Insights guiding our engagement with Chingford fruit

Chingford Fruit (CFL) is now our largest single client and they have been able to “plug and play” our strengths and capabilities in a very exciting way.


CFL is a large supplier to the Sainsbury’s retail chain (JS) in the UK. They were under pressure from JS to help them deliver products that were more “sustainable”. As a result they approached Blue North for assistance.

We have developed a sustainability strategy for them that is build on two key insights:


The first is that, in a agricultural supply chain, most of the sustainability “big hitters” occur at the primary-production or farm level of the supply chain. Whether it is working conditions on farm, ethical trade, community impacts, agro-chemicals use, soil health, water, energy-use, biodiversity impacts, economic viability etc etc…the biggest impacts are felt and greatest influences exerted at farm-level. Any genuine sustainability strategy in agricultural supply chains has to, must, have a significant focus on what goes on at farm-level and be aimed at reducing negative social and environmental impacts and enhance the positive impacts that occur at farm-level. But in dealing with this reality the strategy has to accept that each farm and farmer (and there are typically many of them that make up the farm base of a supply-chain) is an individual business and person. As such, efforts to achieve the required change have to be focused on achieving this at the individual level – this takes a “bottom up” approach and process that secures the buy-in, input and commitment of the individual.


The second important insight is that farms are connected to end-consumers via “supply-chains”, and how effectively and efficiently product “flows” across the chain through to the end-consumer  is the single biggest driver of economic performance (for the chain and  for each party within it): The more blockages there are, the longer products “stands”, the more breaks there are in supply etc…the poorer the flow, the higher the costs, the lower the income and the poorer the financial performance. As a result, any efforts to improve economic performance must examine how well product is “flowing”, and this, in turn, requires an examination of the shared rules and operating practices that govern flow (for example, how frequently is product ordered, what are the minimum batch sizes, what are the order lead times etc). Changing the rules that govern supply-chain flow is therefore the focus of improving the supply-chains performance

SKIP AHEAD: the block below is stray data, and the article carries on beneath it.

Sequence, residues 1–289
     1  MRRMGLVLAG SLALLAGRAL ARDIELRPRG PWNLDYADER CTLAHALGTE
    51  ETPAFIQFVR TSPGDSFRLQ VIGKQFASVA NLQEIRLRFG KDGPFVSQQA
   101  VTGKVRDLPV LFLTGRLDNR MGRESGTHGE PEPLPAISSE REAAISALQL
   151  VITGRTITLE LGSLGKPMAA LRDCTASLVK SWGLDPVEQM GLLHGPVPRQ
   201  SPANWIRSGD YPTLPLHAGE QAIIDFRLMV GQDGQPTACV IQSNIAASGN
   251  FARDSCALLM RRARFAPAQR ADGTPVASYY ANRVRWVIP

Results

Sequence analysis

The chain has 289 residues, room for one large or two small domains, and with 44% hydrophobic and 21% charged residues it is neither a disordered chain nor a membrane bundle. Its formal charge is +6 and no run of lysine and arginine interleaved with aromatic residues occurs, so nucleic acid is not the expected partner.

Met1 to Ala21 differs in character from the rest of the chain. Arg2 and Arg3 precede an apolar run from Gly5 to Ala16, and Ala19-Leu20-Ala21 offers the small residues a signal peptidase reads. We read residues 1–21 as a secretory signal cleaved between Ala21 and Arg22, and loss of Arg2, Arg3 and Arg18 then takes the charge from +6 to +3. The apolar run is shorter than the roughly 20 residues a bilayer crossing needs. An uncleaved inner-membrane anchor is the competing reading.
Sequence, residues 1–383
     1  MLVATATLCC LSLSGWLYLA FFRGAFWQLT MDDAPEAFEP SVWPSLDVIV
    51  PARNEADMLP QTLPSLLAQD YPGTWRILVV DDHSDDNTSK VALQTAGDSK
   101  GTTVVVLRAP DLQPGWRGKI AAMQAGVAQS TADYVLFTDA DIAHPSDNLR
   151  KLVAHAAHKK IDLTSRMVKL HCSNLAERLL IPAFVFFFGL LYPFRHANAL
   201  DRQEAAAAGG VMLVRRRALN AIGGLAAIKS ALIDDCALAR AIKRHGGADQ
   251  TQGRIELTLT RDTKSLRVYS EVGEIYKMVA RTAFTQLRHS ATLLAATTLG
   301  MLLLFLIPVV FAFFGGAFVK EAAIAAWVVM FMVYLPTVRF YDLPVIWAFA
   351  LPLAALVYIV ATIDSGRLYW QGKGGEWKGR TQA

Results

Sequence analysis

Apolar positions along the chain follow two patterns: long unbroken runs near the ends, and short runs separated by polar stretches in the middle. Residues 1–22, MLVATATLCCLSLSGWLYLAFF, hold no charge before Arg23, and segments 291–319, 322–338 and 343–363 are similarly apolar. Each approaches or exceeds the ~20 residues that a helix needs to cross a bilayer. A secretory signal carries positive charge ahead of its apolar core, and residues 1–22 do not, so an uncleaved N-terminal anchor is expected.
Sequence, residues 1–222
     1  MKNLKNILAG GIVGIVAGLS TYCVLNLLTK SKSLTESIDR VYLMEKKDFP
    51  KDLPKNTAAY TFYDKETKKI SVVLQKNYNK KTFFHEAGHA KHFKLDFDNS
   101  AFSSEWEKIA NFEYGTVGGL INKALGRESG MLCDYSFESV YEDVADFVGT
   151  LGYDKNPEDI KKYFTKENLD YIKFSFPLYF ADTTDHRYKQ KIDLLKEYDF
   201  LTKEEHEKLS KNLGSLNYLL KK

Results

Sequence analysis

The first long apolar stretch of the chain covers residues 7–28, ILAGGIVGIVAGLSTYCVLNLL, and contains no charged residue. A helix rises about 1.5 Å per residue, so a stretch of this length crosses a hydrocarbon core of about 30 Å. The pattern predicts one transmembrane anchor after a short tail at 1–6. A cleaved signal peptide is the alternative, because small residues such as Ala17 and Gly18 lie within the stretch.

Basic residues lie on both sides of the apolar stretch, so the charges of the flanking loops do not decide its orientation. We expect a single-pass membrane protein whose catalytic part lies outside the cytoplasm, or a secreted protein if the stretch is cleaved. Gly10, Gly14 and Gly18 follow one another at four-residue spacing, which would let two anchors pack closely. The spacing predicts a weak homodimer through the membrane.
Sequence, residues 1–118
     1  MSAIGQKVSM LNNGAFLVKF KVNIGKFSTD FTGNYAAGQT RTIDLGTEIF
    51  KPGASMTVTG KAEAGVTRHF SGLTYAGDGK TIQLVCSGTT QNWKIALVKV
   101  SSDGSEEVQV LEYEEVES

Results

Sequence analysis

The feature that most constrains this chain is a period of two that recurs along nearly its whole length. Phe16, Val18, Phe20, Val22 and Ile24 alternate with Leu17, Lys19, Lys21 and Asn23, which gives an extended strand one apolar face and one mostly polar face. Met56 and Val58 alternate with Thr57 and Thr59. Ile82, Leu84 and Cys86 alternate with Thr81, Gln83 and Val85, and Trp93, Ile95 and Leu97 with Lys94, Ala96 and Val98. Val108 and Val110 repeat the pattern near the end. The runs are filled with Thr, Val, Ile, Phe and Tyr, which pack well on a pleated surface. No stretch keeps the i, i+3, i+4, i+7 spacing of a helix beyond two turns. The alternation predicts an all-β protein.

These two combined – the efforts to mitigate negative social and environmental impacts at farm level through a bottom-up approach, and the improvement of economic performance across the chain by challenging and changing the operating rules that govern flow – therefore become the pillars of the agri-supply-chain sustainability strategy – and this is what we have done with CFL.


Firstly: The strategy has a huge farm-level/ bottom-up focus: CFL’s suppliers and farmers from across their global supply-base are members of “Working groups” where they go through facilitated workshops to identify the key sustainability risks to their farming, to prioritize those risks and to develop their responses to these risks. A top-down approach that prescribes is avoided at all costs.


Secondly: We are doing a large scale supply-chain project where JS, CFL and one of their large South African apple suppliers is sharing daily stock information which is all going into a data base system that allows us to examine what and how much stock is being held where and for how long. In essence we are building a picture for all the participants of what is the real impact of their current operating practices. We will then take this “current reality” and compare it to a simulation of what all these parameters could have looked like with rules designed to improve flow. By so doing, our aim is to clearly make the case for a shift to these new and better operating rules.